At the event
Ask the organisers where you need to go and who you need to see upon arrival. Every nightclub is different so be prepared with a contact name and a phone number. There will typically be one head of security, a host with a clipboard, promotions manager, or club owner in some rare cases. The important thing is to announce yourself and be polite about it. Remember you’re in for free because you’re representing the people that got you in. If you have the opportunity to chat to the head person then do so, and leave yourself open to suggestions or special requests. If you keep them happy, then you’ll be invited back! Take some time to check out the venue, say hi to the bar staff and security, let them know who you are. Those guys will be your best friends if you get in a sticky situation, and you’ll get better access that way. Do not assume you can go everywhere in the club, if in doubt, ask. After a few visits and people start to get to know you then you can often relax the rules a little bit.
Alright, let’s go! Now everyone has a different approach, so there’s no hard and fast rule here. Just work how you feel comfortable. Make sure to get a variety of different shots, dance floor shots, close ups, portraits, DJ shots, action shots, and wide angle. Look for the people that want to find you, don’t chase people that don’t want to be photographed, you’ll know who they are. Signal or ask politely if in doubt. Of course you want to find the stylish or sexy people in the crowd, but shoot everybody, that guy that grabs you for a shocking shot may very well have a gorgeous girlfriend, who’s come in with five of her hottest friends. And saying no to a angry drunk is not good for your health. You can always delete the shot later. If in doubt, get closer. Sometimes you don’t have a choice but to shoot with a wide lens, but bare in mind, it distorts the face the wider you go, and no one likes a big nose or a massive head. So if you can, zoom in and step back as far as you can. Capturing the intimate photo is what will set you apart from everybody else. Thank them for being involved and show them the shots, after all you’re a little piece of entertainment for them, and everybody ends up having a better time.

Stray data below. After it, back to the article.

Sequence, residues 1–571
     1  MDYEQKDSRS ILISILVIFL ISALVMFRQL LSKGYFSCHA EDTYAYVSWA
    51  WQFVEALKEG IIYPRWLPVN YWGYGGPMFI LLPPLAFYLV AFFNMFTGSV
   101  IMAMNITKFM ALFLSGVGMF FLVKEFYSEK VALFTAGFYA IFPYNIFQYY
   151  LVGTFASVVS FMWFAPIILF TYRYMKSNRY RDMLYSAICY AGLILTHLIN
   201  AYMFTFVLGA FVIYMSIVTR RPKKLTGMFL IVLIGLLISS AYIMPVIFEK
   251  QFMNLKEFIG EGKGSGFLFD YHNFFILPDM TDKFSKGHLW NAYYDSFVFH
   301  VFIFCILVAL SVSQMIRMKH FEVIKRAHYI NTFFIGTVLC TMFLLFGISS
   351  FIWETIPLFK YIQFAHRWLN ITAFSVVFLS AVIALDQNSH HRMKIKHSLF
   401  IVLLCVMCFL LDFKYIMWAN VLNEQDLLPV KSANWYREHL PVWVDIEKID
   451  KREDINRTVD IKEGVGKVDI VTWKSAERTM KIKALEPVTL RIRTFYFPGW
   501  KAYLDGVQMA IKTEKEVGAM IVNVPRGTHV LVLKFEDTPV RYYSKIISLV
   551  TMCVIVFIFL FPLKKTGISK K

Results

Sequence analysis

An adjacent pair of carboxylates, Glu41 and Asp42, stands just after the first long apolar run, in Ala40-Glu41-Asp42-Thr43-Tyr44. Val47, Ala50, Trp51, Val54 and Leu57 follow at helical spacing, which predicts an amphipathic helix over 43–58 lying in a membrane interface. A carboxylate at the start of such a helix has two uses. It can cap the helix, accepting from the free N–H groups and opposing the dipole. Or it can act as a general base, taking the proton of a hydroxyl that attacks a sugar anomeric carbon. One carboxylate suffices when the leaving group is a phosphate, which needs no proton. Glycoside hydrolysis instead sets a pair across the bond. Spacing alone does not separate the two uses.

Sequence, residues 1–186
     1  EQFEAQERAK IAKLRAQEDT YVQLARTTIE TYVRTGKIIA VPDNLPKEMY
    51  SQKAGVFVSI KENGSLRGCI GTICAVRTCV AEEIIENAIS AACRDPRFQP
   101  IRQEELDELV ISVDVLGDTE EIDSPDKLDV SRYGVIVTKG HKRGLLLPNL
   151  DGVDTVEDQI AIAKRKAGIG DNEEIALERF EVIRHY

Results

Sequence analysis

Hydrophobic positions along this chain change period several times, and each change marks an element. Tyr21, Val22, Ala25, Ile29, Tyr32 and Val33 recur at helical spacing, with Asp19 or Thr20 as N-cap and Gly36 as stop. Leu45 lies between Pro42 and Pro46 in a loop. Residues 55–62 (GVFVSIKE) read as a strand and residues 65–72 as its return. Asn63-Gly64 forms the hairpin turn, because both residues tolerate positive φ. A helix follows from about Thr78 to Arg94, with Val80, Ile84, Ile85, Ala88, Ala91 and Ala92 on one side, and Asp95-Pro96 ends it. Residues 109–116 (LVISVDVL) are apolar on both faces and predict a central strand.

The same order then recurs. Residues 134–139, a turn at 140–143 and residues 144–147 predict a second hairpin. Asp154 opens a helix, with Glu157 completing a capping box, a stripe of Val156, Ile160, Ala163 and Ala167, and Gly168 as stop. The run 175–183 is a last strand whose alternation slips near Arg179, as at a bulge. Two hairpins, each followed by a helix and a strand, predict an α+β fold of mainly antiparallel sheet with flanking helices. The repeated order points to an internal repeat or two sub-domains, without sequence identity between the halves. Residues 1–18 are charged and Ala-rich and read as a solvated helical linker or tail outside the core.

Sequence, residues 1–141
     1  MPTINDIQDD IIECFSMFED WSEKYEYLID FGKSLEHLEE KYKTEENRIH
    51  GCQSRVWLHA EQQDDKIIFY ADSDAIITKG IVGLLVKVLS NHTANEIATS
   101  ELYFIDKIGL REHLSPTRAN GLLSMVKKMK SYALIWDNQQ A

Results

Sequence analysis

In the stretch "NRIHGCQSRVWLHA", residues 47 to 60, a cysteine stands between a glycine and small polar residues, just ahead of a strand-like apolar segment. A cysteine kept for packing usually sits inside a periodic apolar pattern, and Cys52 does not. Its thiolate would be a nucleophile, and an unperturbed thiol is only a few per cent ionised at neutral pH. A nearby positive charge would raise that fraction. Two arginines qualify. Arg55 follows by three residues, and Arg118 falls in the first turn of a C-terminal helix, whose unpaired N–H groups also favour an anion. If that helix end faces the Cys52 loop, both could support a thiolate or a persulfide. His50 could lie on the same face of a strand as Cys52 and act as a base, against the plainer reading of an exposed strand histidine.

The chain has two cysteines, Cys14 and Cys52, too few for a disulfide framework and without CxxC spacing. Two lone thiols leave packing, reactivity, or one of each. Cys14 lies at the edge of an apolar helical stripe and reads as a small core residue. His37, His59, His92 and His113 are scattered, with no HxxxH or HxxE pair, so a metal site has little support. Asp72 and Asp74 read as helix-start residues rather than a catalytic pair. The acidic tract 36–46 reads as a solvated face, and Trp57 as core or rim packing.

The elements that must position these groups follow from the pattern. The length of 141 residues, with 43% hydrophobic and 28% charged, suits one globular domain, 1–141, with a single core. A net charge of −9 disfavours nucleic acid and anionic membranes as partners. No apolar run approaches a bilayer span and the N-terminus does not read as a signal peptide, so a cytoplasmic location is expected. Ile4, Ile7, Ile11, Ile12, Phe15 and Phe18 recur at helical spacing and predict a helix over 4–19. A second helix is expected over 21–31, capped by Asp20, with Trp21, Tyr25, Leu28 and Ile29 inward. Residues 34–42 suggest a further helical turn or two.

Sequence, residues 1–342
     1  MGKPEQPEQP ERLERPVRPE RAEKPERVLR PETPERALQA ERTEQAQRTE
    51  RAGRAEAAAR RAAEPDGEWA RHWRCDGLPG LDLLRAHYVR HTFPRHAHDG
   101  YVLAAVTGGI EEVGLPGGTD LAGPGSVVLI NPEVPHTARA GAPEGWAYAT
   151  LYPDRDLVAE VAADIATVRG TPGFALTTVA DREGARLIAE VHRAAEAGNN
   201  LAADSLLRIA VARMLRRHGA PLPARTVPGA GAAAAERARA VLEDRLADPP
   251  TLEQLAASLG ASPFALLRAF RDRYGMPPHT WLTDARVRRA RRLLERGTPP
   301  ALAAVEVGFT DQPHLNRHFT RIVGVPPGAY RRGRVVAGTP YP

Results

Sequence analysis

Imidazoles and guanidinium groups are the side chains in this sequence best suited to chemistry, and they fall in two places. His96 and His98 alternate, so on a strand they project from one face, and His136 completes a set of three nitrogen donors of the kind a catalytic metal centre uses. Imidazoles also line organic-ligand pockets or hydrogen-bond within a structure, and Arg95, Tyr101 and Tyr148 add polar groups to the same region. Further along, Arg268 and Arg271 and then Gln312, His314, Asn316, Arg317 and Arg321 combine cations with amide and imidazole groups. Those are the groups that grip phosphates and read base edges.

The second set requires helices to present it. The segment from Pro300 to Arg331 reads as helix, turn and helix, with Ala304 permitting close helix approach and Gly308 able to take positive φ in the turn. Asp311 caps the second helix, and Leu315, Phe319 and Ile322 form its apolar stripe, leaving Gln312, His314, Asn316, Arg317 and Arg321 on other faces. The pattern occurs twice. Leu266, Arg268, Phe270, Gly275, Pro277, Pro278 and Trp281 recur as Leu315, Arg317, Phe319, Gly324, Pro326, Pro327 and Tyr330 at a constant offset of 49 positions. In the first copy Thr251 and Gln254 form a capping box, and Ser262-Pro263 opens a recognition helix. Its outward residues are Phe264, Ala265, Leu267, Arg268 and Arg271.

This is most commonly asked question for me. The usual rules that your photography teacher taught you, go out the window. The only reason for this, is you’re in the most difficult conditions you can ever ask for. Once again everyone has a different approach, but here is what settings I like to use.
ISO – 400 to 1600 (typically 800)
Aperture – f3.5 to f6.0 (or you can just set shutter priority and let camera calculate)
Shutter – 1/20 to 1 sec for a dark room, 1/60 to 1/80 for a well lit room
If you’re using f3.5, then make sure your auto focus is bang on, otherwise only 1 of 3 people will actually be in focus. Go f6.0 for clear shots. By extending the shutter beyond 1/20 sec you’ll start to see streaking lights, this can add to the overall movement and colour to the shot, so get creative with it. Just imagine spray painting your picture with the brightest lights in the room. Just don’t overdo it, or things will look messy.